Thane opened his eyes in time to see Trelidor drop Nahlia off the edge.

For a moment, none of it seemed real. As if he'd just watched a stranger die rather than a friend.

Thane was no raw recruit. He knew that death always felt this way. Denial came first, especially on the battlefield. It kept you focused on the fight in front of you rather than the friends you couldn't save. It should've been familiar by now after losing Kira and his father.

Still, this had to be another of Trelidor's mind games. Nahlia had survived Whitecliff, Raidenwood, and all the fights before this moment. He didn't understand everything about her power, but he knew it was like Trelidor's. He'd seen her recover from dozens of wounds that would have killed most ordinary people.

She can't be dead.

Cole and his men continued firing their weapons, but it was no use. Their enemy stood within his dome of crystal-light, utterly untouchable. They might as well have shot bullets into a mountainside for all the good it did.

Trelidor rounded on the line of Templars, striking back with swift blades of Moonshard. This time, Nahlia wasn't there to block the attacks, and Cole’s men dropped one by one.

Cole took cover behind an exhaust shaft and Thane followed. A hundred burns screamed across his arms and face as he crawled. Worst of all, he'd spent almost all of his strength during his previous fights. Like a muscle, a body's tolerance for Ethermancy waned with disuse. Thane's skills had increased these past few months in the Ethereal, but the lack of physical practice brought a price. He might be able to manage one or two more attacks, but that wouldn't save them.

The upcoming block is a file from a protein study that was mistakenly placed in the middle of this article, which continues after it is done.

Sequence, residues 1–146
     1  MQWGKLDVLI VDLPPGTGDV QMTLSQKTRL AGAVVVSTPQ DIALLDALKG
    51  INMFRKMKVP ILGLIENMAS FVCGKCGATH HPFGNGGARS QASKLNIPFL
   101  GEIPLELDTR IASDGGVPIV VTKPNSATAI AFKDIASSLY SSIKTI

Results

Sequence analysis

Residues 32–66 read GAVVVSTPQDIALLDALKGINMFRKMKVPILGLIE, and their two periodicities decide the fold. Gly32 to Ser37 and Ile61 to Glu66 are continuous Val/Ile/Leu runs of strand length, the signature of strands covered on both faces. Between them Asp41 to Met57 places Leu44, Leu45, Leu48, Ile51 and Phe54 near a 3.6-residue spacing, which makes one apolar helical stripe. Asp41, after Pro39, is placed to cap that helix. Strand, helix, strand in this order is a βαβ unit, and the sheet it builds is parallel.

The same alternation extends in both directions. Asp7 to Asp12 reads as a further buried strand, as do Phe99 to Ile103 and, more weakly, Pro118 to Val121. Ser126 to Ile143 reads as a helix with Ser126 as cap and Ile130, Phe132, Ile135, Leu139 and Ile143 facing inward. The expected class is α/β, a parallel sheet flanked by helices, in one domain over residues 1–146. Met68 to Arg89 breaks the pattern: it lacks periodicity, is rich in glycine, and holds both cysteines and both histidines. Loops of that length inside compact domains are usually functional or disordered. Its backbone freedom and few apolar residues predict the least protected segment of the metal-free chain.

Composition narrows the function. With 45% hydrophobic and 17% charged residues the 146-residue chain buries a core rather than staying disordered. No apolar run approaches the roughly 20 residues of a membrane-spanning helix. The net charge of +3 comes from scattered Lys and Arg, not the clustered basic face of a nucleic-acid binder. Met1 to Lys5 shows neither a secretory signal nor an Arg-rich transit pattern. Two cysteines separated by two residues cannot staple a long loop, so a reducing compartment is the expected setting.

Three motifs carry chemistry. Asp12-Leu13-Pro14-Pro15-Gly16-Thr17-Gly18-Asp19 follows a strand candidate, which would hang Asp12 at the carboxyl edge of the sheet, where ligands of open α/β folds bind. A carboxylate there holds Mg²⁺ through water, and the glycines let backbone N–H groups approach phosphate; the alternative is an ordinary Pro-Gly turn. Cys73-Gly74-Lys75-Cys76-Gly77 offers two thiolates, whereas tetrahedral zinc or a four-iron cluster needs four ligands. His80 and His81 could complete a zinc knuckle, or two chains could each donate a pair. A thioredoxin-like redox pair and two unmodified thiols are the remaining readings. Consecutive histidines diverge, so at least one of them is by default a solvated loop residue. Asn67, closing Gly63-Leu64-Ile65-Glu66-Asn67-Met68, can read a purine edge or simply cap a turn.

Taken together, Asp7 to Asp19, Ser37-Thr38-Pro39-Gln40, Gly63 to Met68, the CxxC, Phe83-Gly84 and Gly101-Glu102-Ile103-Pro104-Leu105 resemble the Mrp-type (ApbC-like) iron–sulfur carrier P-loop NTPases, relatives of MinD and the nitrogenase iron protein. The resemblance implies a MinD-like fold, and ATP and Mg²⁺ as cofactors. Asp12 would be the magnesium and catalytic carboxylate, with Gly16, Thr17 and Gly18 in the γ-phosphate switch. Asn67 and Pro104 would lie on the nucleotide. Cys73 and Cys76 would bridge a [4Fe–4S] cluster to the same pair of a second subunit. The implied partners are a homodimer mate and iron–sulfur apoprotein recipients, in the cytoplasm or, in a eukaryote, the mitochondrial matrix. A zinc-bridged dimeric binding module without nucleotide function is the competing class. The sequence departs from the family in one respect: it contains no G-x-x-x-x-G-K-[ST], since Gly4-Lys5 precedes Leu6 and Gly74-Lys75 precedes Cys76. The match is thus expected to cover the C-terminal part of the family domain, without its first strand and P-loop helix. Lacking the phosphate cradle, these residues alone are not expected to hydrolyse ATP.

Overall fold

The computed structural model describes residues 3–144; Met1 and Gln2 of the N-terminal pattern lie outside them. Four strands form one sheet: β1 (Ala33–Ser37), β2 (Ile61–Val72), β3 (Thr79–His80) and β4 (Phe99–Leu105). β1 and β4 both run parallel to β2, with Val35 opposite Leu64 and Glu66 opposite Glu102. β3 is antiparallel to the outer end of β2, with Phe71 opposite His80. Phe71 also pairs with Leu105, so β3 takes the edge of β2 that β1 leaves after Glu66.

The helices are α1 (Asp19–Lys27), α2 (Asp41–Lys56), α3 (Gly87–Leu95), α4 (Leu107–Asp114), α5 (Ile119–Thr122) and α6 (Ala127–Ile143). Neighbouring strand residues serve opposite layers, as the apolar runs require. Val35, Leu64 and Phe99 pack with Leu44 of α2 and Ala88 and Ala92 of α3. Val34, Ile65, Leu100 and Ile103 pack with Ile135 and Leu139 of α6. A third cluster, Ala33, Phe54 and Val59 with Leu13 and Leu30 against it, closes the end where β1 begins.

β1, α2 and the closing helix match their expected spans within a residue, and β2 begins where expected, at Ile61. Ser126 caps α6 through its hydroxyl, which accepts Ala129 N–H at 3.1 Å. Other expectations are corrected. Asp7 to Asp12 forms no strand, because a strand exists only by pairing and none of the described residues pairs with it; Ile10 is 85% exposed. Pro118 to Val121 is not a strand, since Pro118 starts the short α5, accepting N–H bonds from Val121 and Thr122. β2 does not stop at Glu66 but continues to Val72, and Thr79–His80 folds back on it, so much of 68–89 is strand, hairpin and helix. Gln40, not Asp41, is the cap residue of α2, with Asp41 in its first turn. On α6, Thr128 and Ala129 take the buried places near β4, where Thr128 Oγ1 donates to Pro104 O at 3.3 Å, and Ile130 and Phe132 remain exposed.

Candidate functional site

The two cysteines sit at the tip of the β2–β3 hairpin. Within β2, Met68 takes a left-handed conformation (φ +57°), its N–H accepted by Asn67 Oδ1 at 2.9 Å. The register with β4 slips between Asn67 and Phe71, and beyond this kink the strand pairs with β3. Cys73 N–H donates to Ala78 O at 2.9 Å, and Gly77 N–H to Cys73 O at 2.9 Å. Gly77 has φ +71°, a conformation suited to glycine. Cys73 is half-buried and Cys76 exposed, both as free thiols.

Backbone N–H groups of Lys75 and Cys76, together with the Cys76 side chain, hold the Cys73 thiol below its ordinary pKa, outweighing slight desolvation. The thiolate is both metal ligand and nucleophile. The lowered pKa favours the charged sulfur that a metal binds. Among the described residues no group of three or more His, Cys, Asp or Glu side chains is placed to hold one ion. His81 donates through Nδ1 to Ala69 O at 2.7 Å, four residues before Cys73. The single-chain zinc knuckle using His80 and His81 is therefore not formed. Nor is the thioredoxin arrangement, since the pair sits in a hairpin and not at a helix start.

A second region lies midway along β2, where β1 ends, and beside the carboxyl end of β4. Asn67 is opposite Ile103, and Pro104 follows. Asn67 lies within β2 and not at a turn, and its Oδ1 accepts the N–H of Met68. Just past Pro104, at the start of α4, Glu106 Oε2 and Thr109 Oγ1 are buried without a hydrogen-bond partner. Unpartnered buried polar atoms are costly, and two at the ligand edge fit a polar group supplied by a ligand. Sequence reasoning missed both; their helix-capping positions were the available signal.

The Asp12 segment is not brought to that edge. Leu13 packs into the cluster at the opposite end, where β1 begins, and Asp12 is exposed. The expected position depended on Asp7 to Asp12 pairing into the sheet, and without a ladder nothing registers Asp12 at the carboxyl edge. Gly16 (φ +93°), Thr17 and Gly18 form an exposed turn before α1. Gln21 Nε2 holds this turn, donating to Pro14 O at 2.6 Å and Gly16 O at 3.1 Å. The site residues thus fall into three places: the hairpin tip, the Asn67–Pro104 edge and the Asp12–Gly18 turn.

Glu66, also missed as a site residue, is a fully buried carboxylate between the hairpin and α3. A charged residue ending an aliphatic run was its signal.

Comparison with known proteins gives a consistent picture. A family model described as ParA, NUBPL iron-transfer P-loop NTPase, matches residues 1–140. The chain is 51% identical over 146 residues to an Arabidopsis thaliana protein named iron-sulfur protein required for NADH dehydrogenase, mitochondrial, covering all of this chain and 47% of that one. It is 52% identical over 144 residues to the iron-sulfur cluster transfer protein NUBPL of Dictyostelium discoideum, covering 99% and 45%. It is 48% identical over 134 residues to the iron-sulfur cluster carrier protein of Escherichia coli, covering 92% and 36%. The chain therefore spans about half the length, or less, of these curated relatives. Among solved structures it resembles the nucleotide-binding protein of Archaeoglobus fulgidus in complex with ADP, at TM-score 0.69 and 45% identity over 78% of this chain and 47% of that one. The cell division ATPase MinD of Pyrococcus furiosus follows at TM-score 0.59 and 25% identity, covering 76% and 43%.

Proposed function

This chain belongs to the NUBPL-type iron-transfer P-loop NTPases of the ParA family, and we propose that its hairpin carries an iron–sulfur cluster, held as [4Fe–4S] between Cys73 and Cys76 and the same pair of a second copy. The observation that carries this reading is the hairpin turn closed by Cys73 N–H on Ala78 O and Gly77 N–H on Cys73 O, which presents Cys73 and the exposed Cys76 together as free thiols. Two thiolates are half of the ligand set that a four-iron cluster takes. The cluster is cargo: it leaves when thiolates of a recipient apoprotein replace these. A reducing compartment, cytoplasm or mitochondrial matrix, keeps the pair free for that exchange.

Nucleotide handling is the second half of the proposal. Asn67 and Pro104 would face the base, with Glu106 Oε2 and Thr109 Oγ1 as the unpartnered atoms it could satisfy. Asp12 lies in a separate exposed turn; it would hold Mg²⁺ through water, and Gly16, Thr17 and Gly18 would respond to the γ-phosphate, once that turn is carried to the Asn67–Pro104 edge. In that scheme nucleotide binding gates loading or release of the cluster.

Trelidor moved closer, striking any man who emerged from cover. His movements had been calm before—almost graceful. Now he attacked with far more ferocity. Whatever Nahlia had done, she'd interrupted his ritual with the comet.

Does that mean he needs us gone before he could take control again?

Cole must have realized the same thing because he ordered his remaining men to retreat.

A score of Templars dashed toward the staircase structure.

Reptilian shrieks echoed from the sky above. Bursts of orange flame mingled with the comet's pale light.

Thane braced himself for an attack. But no ... Trelidor's dragonriders weren't attacking the platform. They were engaged with another group.


It might have been her, but it was too dark to tell. Maybe they still had a chance to—